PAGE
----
A more efficient production process for influenza vaccines could help to cope with future pandemics

A more efficient production process for influenza vaccines could help to cope with future pandemics
Electron micrograph of a virus-like particle-based influenza vaccine magnified 100,000 times. Credit: A*STAR Institute of Molecular and Cell Biology

Influenza pandemics, such as the 2009 H1N1 'swine flu' outbreak, pose a serious risk to the global population. Vaccination is one route to protection but current manufacturing methods for vaccines limit the volume and speed of production. Now, an international team of researchers including A*STAR's Program in Translational Research on Infectious Disease, Experimental Therapeutics Centre and Singapore Immunology Network, has developed a more efficient production process.

In 2009, it took five months for the vaccine against the H1N1 virus to become available, and the number of doses made was sufficient for only a fraction of the . Both shortfalls were down to the conventional vaccine production process and so the research team wanted to develop a more efficient technique.

"The licensed H1N1 is made by growing the in chicken eggs," explains David Skibinski, the study's lead author. In comparison, "our vaccine is produced by expressing the main surface antigen of influenza in bacteria."

The researchers attached the antigen—part of a protein from the surface of the H1N1 virus—to harmless virus-like particles and injected them into mice. Compared with the mice that were inoculated with the licensed vaccine, animals inoculated with the new vaccine produced a similar number of effective antibodies against the H1N1 virus, which demonstrated that the new production method provided immunity as effectively as the existing vaccine.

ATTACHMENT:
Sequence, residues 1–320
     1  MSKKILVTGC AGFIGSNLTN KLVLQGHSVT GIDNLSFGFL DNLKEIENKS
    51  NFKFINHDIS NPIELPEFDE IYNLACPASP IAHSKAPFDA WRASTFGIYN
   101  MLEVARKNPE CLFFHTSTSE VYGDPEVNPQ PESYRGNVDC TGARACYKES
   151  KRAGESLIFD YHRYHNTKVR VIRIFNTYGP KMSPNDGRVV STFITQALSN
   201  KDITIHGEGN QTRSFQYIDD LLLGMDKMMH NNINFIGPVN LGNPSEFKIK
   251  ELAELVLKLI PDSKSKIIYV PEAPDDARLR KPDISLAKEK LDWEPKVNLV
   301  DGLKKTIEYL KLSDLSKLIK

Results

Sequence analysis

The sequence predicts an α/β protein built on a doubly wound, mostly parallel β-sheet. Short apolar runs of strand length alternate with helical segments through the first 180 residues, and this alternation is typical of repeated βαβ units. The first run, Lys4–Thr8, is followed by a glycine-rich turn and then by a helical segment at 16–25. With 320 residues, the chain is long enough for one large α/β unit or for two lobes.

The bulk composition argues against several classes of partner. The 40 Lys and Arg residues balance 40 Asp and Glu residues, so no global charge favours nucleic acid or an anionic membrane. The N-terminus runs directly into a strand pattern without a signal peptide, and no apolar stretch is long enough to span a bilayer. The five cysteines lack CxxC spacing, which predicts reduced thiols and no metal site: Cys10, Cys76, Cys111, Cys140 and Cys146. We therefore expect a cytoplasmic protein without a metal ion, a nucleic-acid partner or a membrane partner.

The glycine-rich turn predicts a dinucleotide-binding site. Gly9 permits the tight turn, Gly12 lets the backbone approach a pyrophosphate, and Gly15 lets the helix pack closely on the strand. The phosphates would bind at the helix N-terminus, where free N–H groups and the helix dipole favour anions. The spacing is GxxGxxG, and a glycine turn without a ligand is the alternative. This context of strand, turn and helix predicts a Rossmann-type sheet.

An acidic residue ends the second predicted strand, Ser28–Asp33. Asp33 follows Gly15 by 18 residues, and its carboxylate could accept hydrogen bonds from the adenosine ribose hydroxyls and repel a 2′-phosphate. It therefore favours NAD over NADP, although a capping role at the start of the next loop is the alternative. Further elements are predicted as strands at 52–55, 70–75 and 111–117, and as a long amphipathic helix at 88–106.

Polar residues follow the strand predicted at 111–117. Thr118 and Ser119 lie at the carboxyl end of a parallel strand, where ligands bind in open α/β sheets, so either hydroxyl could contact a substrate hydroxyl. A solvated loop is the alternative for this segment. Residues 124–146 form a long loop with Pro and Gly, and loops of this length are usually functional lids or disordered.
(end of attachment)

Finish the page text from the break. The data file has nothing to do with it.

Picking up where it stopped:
There was, however, an extra advantage: mice that were inoculated with the new vaccine produced more T cells than mice that were inoculated with the licensed vaccine. T cells play an important role in protecting the body against influenza, reduce the severity of the disease, and provide protection against different strains of the virus.

Skibinski says the new way of producing the could improve the global response to future pandemics by shortening the time between the emergence of a virus and production of a functional vaccine, thus enabling individuals to be vaccinated before they become infected. "Greater cost-efficiency and yields would also enable many smaller or developing nations to manufacture their own vaccine," adds Skibinski.

Having shown the new vaccine's effectiveness in mice, the research team's next step was to see if the findings could be transferred to humans. So far, the results are positive, reports Skibinski. "A clinical trial in humans under the direction of the A*STAR D3 unit has demonstrated that the is safe, well tolerated and induces antibody responses comparable to those of approved seasonal influenza vaccines."

More information: Skibinski, D. A. G., Hanson, B. J., Lin, Y., von Messling, V., Jegerlehner, A. et al. "Enhanced neutralizing antibody titers and Th1 polarization from a novel Escherichia coli derived pandemic influenza vaccine." PLoS ONE 8, e76571 (2013). dx.doi.org/10.1371/journal.pone.0076571

add to favorites email to friend print save as pdf

Related Stories

Recommended for you

WHO: Millions of Ebola vaccine doses ready in 2015

14 hours ago

The World Health Organization says millions of doses of two experimental Ebola vaccines could be ready for use in 2015 and five more experimental vaccines will start being tested in March.

Added benefit of vedolizumab is not proven

Oct 23, 2014

Vedolizumab (trade name Entyvio) has been approved since May 2014 for patients with moderately to severely active Crohn disease or ulcerative colitis. In an early benefit assessment pursuant to the Act on the Reform of the ...

Seaweed menace may yield new medicines

Oct 22, 2014

An invasive seaweed clogging up British coasts could be a blessing in disguise. University of Greenwich scientists have won a cash award to turn it into valuable compounds which can lead to new, life-saving drugs.

User comments